J. Benedict Roth will never forget the first time he learned Gemara (Talmud) 23 years ago with Pardes faculty member, Leah Rosenthal. “Leah showed me that the Gemara is like a rough diamond,” Benedict explains. “You take a stone which looks rather uninteresting, and you think you can understand it. But then you crack it open, and suddenly you discover countless different facets; you can see it from a myriad of different angles, lights shining from all directions.”
About four years ago, Benedict started teaching in his London community, both formally and informally. He taught Tanakh and Talmud, including a passage from tractate Yoma he had learned with Leah. “There were about 50 people in that class,” says Benedict. “Most had never learned Talmud before. They were just captivated.”
Benedict realized that if he wanted to continue to teach, he needed to deepen his learning and signed on for another Pardes learning experience, one he believes is unique in the Jewish world today. “The Torah being offered in the Diaspora is often very technical,” says Benedict. “People are intent on getting through material, but they rarely ask what is this text really telling me and what difference does it make to my life? They are not teaching Torah in a way that allows it to be internalized. I am very interested in what is going on in the Talmud and what is going on in day to day life and how they link up. Pardes is the best place to explore this connection.”
Both Leah and Benedict were pleasantly surprised to meet again over Gemara in this year’s summer program. “Benedict was in my very first Gemara class,” recounts Leah. “I will always remember every student in that first class.” Another layer to this teacher-student reunion is that Leah’s summer class is on the same tractate of Talmud that she taught to Benedict so long ago.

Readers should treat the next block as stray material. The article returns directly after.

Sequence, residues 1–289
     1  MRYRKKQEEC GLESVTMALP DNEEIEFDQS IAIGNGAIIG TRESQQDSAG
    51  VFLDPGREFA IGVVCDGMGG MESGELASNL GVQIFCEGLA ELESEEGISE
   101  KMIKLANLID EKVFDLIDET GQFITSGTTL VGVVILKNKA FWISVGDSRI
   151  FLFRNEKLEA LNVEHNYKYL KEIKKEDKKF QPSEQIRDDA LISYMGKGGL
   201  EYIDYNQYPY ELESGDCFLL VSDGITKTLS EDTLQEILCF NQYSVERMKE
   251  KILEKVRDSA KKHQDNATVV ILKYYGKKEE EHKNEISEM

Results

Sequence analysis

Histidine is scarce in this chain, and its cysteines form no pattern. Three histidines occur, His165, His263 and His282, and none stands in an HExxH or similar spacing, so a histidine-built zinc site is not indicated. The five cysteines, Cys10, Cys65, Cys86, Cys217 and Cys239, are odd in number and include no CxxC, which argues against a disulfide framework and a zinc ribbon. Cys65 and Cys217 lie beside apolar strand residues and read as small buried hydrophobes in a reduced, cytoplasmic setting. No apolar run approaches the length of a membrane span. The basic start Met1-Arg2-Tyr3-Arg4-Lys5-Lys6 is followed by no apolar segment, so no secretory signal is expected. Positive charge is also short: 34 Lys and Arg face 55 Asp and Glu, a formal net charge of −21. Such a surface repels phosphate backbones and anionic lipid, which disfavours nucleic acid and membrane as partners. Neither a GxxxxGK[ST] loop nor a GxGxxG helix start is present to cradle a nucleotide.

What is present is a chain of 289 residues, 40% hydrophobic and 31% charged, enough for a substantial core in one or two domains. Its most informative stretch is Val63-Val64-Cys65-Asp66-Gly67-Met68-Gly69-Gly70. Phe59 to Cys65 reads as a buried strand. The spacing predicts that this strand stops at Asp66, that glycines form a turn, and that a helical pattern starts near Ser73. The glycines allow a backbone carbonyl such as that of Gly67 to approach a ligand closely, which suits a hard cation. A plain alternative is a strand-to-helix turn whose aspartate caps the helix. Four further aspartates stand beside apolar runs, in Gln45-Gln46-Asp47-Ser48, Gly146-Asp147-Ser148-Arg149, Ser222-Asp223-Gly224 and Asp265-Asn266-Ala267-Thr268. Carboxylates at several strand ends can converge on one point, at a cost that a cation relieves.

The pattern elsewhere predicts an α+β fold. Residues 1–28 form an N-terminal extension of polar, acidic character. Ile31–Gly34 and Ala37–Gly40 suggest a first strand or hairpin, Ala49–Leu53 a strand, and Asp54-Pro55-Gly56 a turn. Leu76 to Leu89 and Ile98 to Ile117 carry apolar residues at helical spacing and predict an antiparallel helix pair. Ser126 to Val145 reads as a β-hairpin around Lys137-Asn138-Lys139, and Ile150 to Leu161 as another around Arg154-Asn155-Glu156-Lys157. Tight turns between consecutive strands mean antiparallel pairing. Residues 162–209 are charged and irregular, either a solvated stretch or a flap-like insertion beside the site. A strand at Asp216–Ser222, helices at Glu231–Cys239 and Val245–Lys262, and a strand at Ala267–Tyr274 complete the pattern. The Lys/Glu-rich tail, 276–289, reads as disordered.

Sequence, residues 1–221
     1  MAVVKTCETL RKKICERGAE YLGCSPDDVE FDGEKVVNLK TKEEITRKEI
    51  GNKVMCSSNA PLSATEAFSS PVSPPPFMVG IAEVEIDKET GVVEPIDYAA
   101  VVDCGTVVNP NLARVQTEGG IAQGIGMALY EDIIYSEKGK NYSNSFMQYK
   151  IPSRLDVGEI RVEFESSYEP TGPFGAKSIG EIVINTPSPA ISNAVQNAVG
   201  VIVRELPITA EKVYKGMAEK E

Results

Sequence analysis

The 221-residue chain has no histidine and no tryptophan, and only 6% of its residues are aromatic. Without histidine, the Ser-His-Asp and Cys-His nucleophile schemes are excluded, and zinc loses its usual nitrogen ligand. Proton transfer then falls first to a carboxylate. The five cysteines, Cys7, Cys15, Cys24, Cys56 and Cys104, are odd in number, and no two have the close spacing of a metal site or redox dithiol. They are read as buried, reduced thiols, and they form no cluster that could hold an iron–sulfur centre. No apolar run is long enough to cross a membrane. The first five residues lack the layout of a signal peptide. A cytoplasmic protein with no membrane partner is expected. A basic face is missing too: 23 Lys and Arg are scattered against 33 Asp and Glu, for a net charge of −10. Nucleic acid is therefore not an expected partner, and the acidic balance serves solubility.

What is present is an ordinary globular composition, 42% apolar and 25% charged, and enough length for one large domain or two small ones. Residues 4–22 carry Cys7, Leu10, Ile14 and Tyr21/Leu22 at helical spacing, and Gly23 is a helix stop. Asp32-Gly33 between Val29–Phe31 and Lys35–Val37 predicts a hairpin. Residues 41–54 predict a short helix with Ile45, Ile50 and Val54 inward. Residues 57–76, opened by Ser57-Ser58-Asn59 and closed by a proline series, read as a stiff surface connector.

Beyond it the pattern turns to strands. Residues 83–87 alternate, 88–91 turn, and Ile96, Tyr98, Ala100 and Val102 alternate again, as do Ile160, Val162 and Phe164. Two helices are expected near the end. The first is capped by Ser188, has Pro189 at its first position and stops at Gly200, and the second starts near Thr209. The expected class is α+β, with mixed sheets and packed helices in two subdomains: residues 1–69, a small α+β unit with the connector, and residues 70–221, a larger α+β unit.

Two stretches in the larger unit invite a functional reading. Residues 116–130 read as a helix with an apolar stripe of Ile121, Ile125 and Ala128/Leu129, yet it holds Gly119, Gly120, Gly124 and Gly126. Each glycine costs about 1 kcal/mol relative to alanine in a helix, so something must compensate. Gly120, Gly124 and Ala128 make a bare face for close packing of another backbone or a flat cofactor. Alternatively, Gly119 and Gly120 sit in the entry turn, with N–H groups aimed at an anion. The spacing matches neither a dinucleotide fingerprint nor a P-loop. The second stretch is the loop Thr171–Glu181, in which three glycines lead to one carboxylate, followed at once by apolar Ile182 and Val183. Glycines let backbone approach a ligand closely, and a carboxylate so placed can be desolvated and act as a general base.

Leah remarks, “The meeting of two people over a text is what has always excited me. So the meeting of two people again over a text adds a whole new dimension to the learning experience. The fact that we are studying the same section of Talmud that I taught to Benedict so many years ago has been very eye-opening. It is fascinating to see what has changed in our reading of the text 23 years later and how much hasn’t changed at all.”
Benedict concurs, “I see things in the Gemara that I didn’t see that last time we learned it, perhaps as a product of my stage of life, my maturity. This is exciting. I can’t wait to bring this back to my home community. And I can’t wait to learn again with Leah in the future. I’ve already booked my ticket for next summer.”
Benedict is planning an online Gemara course with Leah that meets in London and parallels Leah’s class at Pardes. They will be learning Masechet Mo’ed Katan. For more information, please contact Dean David Bernstein at dav...@pardes.org.il.
Benedict Roth is from London. He received a BA in Hebrew from Oxford University and a Masters in Operations Research from Stanford. He works as a risk management specialist and is the proud father of three grown children.
This piece was written by Karen Feuer, Pardes alumna ’99-00, and Assistant to the Dean.